Industry Insights: The Latest Jewelry Industry Trends

Posted on November 1, 2022 by Harold Dupuy, FGA Vice President, Strategic Analysis, Stuller, Inc.

This year appears to be heading to a fork in the road. Buoyed by the tailwinds of last year’s record growth and despite all the negative economic news, the first eight months of 2022 delivered sales growth for the entire retail sector, the jewelry industry, and jewelry stores. That’s the good news. But times are changing! RECESSION OR NOT, THE RECOVERY IS OVER! Every time you read or listen to any media outlet, you are sure to hear about the "impending recession.” Yes, we have the highest inflation in 40 years, interest rates have risen with more to come, the highest gasoline prices ever, and your 401K has taken a severe beating. Inflation peaked at 9.1% in June, fell slightly in July to 8.5% (the first decline in 11 months), then 8.3% in August. All are well above the Fed's target rate of 2.0 to 2.5%. The energy sector, a significant contributor, led the increases at 24% (gasoline 44%, fuel oil 75%, utility gas service 31%, electricity 15%). While the food at home rose by 13%, the core inflation rate (less food and energy) increased by 6.3%. The FOMC (Federal Open Market Committee, more commonly referred to as "the Fed") has issued five interest rate increases thus far: .25%, .50%, and three times, hikes of .75%. With two remaining sessions this year (November and December) and no indication of slowing inflation, ex- pect even more increases. Since the Great Depression, more than nine decades ago, fourteen recessions have occurred in the United States. Over this period, the median time between recessions is 4.1 years. The shortest is one year, and the longest is 12 years. The average length of a downturn is ten months, and the “Great Recession” of 2008- 09 was the longest on record lasting for 18 months. The most prolonged period of economic growth recently ended in 2021 when the NBER (National Bureau of Economic Research), the official group that determines a recession, declared April-May 2021 an official recession making it the shortest on record. While the media debates whether we are currently in a recession and the Administration tries redefining what constitutes a recession, one key historical fact emerges that businesses should understand and watch. Every recession in the past 80 years was preceded by an “inverted yield curve” on Treasury bonds. What's an "inverted yield curve?" In regular economic times, the longer the term of a treasury bond, the higher the return (interest paid). When shorter-term bonds provide a higher return than long-term bonds, it's a signal of lacking confidence and a good predictor of an upcoming recession. Utilizing all prior recessions, when the 10-year interest rate paid remains below the 2-year interest rate for at least one quarter, the median time for a recession to begin is 16 months. As of press time, an inverted yield curve (10-year vs. 2-year) has existed for 67 days. Translated, you can get a .50% higher return on the shorter two years than the longer 10-year T-Bill. While this forecasting method is based on the past fourteen recessions, one must realize that each recession has unique characteristics. To look further, Wells Fargo recently published findings on three versions of their proprietary Probit model, which has successfully predicted all recessions since 1980. All three models breached the 50% probability line in Q2 this year with 57%, 59%, and 51% prob- ability of a 2023 recession. As the country approaches a recession, GDP declines, and the unemployment rate increases. These two metrics have an inverse relationship throughout the past eight recessions since WWII. As companies become cautious about their expense structure, hiring reductions begin, layoffs occur, and unemployed workers reduce consumer spending. Almost 70% of the country's GDP depends on consumer spending, which furthers the GDP downturn. We are currently in a paradox. While having the highest inflation rate in 40 years at 8.3%, we also have the lowest unemployment rate in 50 years at 3.7%. The consumer sentiment index, an economic indicator that measures how optimistic consumers feel about their finances and the state of the economy, was at 101 in early 2020 pre-pandemic. It fell to 71.8 during April 2020 lockdown and the latest in August at 58.2, a 17% decline over August 2021. Consumers are not optimistic about the near-term future. The good news is that the consumer sentiment index...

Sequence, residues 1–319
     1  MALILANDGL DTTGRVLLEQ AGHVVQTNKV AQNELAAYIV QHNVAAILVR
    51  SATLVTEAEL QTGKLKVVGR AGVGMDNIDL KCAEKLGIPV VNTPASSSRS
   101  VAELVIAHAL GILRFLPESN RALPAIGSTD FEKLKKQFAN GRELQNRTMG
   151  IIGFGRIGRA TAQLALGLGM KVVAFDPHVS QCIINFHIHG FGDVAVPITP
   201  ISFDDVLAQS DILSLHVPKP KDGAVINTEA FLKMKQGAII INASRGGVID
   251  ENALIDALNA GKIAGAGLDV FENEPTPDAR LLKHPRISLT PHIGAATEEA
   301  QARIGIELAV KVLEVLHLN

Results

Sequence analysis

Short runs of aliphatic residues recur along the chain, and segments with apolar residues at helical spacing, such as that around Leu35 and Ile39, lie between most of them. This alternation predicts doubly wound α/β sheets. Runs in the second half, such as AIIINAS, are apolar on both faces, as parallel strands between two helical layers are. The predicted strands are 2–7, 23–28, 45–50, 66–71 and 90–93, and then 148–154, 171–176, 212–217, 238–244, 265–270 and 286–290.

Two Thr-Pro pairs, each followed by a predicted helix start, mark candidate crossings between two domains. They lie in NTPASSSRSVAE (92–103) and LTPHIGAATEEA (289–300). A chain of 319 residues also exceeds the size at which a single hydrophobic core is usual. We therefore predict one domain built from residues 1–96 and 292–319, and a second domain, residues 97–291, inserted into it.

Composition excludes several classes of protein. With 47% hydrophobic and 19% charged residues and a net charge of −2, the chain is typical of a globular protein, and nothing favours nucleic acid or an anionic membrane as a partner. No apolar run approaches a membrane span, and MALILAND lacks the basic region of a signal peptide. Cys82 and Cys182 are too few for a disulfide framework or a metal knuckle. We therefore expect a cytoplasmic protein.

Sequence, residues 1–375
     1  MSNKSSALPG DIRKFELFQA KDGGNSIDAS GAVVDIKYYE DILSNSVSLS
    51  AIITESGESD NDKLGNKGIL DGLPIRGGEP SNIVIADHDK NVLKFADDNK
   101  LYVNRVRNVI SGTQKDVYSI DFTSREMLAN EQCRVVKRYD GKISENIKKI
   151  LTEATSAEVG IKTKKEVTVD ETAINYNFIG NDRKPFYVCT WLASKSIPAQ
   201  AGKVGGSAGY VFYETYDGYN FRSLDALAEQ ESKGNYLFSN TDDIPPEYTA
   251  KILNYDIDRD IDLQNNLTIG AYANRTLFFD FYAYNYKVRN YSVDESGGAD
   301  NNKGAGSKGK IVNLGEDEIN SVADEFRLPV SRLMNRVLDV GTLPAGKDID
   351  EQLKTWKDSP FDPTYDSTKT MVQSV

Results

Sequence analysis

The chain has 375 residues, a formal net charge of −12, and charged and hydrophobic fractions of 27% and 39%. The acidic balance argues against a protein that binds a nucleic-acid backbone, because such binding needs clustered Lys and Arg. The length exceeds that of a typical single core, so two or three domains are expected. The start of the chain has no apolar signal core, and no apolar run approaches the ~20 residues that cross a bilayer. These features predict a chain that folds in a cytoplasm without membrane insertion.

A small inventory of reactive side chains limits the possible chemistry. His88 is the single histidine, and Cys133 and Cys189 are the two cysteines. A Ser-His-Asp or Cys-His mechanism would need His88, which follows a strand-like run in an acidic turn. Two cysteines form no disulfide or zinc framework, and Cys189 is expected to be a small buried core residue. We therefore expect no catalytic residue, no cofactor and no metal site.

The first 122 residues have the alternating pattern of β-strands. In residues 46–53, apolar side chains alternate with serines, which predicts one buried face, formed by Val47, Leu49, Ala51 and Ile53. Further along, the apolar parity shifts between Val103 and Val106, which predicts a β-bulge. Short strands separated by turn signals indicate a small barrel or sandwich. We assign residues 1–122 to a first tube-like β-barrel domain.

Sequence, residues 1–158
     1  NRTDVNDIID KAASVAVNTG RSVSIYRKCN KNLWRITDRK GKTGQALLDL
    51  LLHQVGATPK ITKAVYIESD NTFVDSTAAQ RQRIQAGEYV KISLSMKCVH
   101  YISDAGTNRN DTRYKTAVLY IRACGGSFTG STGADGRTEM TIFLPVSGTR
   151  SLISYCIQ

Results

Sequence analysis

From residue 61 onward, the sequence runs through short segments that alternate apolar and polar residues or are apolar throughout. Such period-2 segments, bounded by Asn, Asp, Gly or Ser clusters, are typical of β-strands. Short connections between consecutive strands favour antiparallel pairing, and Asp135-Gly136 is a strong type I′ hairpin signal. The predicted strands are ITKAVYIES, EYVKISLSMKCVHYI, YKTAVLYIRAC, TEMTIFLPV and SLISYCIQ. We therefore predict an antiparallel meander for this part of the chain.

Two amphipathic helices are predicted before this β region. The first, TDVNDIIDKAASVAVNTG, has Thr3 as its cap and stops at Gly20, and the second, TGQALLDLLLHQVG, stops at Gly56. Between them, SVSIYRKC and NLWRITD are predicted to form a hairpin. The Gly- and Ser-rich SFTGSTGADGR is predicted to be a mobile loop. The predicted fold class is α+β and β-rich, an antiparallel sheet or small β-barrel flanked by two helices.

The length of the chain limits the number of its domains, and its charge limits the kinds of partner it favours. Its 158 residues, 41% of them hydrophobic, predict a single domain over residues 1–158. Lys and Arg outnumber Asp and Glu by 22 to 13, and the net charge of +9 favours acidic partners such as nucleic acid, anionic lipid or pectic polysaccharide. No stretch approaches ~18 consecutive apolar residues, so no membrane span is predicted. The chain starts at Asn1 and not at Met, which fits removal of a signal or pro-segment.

GemWorld articles are accessible by GemGuide members only. To access our archive of articles and get many other great features and benefits, become a member now!

Become a member